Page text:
Attachment Parenting Requires a Dose of Flexibility
Although you may prefer attachment parenting to raise your children, this parenting style requires a dose of flexibility.
When you think of attachment parenting, you may think of cloth diapers, breastfeeding, and organic food. However, it involves so much more than that! Also known as natural parenting, attachment parenting focuses on responsiveness and awareness to meet your baby’s needs.
While many first-time parents intend to be 100% natural parents, many unexpected things will surely happen and alter their plan. It’s important to know why a mother or father defines themselves as a follower of this philosophy and has learned to be flexible in their child’s best interest.
In attachment parenting, what matters is being in constant growth and learning, adapting to situations, and learning from other parents. This way, you make sure you always do the best thing for your child, no matter what. Although you may like this parenting philosophy, you also need to have a realistic approach.
If you want to apply it, it’s important for you to be flexible and take some things into account. We’re going to discuss some of them so that you can apply them in your parenting from now on.
Attachment parenting and flexibility: Each situation and child requires different commitments
It’s easy to set rules and plans before facing the reality of a living baby who breathes, cries, and poops under your constant care. But that baby will need you to help them feel safe, loved, and secure, no matter what you have planned.
Maybe you were against your baby using a pacifier, but there’s nothing wrong with giving it to your baby when you can’t breastfeed them or for them to stop sucking their thumb.
It’s best for your child to feel calm and safe than to only meet the attachment parenting expectations at all costs. In the case of pacifiers, for example, your baby will stop using it as soon as they feel secure enough without it.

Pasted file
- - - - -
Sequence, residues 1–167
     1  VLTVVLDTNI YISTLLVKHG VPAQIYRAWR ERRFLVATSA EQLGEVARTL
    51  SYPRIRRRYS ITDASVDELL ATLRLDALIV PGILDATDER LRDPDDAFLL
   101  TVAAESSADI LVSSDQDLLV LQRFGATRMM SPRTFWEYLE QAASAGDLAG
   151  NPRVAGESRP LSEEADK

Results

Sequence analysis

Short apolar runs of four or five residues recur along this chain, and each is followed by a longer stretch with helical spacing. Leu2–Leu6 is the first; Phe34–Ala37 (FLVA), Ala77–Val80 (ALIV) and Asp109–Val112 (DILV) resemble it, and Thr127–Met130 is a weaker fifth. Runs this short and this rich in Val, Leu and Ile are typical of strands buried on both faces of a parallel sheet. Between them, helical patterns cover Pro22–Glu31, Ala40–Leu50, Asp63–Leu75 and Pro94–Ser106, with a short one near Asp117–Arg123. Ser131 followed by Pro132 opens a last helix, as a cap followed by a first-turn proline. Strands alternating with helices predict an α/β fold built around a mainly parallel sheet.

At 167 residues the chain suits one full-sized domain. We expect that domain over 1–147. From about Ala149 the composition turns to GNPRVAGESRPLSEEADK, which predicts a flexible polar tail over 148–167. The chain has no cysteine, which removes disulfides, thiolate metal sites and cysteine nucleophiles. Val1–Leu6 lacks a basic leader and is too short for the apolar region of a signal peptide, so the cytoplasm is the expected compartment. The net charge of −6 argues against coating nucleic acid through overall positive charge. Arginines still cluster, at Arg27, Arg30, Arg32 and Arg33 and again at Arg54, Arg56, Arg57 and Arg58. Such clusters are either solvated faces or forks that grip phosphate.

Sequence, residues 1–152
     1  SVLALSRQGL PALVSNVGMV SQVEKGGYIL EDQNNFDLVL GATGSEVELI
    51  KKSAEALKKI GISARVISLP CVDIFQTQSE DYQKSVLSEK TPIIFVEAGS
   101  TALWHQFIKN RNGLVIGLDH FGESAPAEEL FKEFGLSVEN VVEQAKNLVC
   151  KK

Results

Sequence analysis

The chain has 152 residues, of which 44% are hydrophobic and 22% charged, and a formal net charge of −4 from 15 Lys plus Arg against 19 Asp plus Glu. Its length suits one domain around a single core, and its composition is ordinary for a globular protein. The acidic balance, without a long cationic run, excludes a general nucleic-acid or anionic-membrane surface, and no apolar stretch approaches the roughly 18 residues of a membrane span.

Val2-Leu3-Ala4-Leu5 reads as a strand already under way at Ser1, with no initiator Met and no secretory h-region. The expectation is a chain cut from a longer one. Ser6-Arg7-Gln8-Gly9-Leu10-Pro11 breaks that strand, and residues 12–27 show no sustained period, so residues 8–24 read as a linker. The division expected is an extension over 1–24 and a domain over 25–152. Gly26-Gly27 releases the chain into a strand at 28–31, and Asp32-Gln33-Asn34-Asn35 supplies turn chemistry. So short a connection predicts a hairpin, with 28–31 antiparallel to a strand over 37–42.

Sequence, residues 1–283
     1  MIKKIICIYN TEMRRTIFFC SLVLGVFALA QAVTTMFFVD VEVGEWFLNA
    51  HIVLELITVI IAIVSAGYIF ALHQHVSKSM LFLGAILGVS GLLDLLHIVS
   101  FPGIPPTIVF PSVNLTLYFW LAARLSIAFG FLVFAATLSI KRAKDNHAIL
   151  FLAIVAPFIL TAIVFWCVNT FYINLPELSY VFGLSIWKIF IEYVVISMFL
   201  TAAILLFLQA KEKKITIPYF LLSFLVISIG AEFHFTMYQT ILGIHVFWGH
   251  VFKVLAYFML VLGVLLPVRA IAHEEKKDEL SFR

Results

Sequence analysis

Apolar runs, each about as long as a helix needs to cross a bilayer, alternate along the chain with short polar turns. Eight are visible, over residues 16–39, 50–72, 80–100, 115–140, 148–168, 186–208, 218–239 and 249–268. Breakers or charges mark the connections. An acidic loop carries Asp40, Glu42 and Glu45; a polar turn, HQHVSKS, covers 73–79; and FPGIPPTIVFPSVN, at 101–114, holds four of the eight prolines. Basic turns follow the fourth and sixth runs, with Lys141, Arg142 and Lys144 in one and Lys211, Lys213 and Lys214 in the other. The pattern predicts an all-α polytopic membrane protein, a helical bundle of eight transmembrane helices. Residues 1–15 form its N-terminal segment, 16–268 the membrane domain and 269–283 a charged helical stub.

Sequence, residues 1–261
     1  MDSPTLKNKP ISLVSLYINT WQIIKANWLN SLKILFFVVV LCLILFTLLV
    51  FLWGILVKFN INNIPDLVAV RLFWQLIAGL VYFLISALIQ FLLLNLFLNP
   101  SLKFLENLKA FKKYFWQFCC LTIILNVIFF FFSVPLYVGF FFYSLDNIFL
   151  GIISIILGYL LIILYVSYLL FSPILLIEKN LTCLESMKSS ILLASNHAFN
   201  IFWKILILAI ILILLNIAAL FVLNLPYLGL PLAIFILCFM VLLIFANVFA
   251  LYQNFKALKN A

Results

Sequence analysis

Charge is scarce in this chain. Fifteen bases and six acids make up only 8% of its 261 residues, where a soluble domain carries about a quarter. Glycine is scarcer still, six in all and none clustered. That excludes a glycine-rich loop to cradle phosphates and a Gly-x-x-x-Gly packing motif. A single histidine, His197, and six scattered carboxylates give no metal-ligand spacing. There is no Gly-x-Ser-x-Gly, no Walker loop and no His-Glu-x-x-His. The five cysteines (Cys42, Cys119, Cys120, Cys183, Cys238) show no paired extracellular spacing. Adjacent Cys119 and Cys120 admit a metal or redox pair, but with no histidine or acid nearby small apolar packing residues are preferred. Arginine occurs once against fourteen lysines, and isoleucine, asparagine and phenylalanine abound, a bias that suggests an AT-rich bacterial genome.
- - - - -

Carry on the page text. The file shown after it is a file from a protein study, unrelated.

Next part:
Also, it’s possible for you to allow your child to spend more time watching television, considerably more time than you thought you’d allow them to. In addition, you may have started parenting with cloth diapers. However, when you have three children, for example, you may not be as interested in this anymore and prefer disposable diapers. This is okay. As such, you don’t have to feel bad about it.
With time, you may become aware of the groceries you have to buy so that your little ones have a good diet. You possibly may continue buying organic products but what matters is that you do all the things you do for the sake of your children. If your children need medical attention and medication, it’s irresponsible to deny it to them due to an ideology.
You can follow some of this philosophy’s guidelines
Even if your attachment parenting is more flexible, you can follow certain guidelines that are non-negotiable for you. For example, you may avoid allowing your baby to cry just so they learn to sleep alone. This is okay because your little one needs your love and warmth.
Also, you can be against punitive discipline, and that’s okay. Remember that children need parents who understand and respect them above all else. Similarly, if you want to breastfeed your baby for as long as you want, you can also do it, no matter what anyone says.
On the other hand, it’s also fine if you can’t breastfeed, meaning you have to feed your baby formula or complement the breastfeeding with bottle feeding. You’ll be doing what’s best for your baby!
Never embarrass, belittle, or mistreat your children. This is exactly what they don’t need. Intuition is very important in attachment parenting. In this regard, remember certain non-negotiables that your children need to grow up in a good environment full of love and affection with parents who care and worry about them at all times. They need to feel safe in their family.
If you’re doing your best with your children, then you should know that you’re doing the right thing. The best way to help anyone else is by setting an example. Let your experience with certain parenting styles speak for itself.